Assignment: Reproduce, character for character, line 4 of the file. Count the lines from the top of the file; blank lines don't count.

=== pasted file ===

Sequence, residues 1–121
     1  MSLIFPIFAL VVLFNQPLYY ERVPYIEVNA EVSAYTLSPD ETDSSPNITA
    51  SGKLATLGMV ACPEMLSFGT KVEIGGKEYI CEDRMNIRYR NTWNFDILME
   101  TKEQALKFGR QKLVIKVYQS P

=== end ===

   101  TKEQALKFGR QKLVIKVYQS P